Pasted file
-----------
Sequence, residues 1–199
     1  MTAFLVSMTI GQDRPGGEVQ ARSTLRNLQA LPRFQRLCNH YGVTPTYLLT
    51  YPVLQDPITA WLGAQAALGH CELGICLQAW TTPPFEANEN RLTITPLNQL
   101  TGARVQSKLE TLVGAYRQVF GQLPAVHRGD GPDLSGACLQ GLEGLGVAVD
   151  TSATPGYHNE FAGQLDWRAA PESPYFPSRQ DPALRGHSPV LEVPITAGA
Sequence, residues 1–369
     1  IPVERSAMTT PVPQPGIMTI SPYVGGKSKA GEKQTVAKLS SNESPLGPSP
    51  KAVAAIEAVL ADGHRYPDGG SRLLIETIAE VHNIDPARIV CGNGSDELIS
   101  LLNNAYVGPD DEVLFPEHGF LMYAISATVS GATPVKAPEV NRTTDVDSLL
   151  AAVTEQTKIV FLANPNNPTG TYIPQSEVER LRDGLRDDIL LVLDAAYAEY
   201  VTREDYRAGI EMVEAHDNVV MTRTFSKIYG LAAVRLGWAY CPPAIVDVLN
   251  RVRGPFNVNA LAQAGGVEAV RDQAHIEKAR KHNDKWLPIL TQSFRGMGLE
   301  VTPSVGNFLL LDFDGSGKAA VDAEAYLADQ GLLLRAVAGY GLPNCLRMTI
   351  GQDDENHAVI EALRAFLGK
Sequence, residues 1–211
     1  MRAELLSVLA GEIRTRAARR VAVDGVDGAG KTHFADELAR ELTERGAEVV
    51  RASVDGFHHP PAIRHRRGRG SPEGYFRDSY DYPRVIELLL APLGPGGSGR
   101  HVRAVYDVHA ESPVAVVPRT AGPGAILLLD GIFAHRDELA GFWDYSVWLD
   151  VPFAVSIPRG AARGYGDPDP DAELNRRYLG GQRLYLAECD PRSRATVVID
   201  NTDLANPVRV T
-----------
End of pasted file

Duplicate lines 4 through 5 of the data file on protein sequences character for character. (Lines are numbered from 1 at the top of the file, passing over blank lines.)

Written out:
   101  TGARVQSKLE TLVGAYRQVF GQLPAVHRGD GPDLSGACLQ GLEGLGVAVD
   151  TSATPGYHNE FAGQLDWRAA PESPYFPSRQ DPALRGHSPV LEVPITAGA